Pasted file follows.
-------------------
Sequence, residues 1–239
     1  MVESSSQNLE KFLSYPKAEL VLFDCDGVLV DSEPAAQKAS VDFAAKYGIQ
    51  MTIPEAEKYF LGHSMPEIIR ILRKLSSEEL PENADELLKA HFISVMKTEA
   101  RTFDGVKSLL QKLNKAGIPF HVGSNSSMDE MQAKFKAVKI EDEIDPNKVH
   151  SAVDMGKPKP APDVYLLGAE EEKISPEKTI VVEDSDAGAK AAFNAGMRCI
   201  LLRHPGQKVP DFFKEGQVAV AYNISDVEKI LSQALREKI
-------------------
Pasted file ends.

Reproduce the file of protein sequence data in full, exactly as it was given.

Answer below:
Sequence, residues 1–239
     1  MVESSSQNLE KFLSYPKAEL VLFDCDGVLV DSEPAAQKAS VDFAAKYGIQ
    51  MTIPEAEKYF LGHSMPEIIR ILRKLSSEEL PENADELLKA HFISVMKTEA
   101  RTFDGVKSLL QKLNKAGIPF HVGSNSSMDE MQAKFKAVKI EDEIDPNKVH
   151  SAVDMGKPKP APDVYLLGAE EEKISPEKTI VVEDSDAGAK AAFNAGMRCI
   201  LLRHPGQKVP DFFKEGQVAV AYNISDVEKI LSQALREKI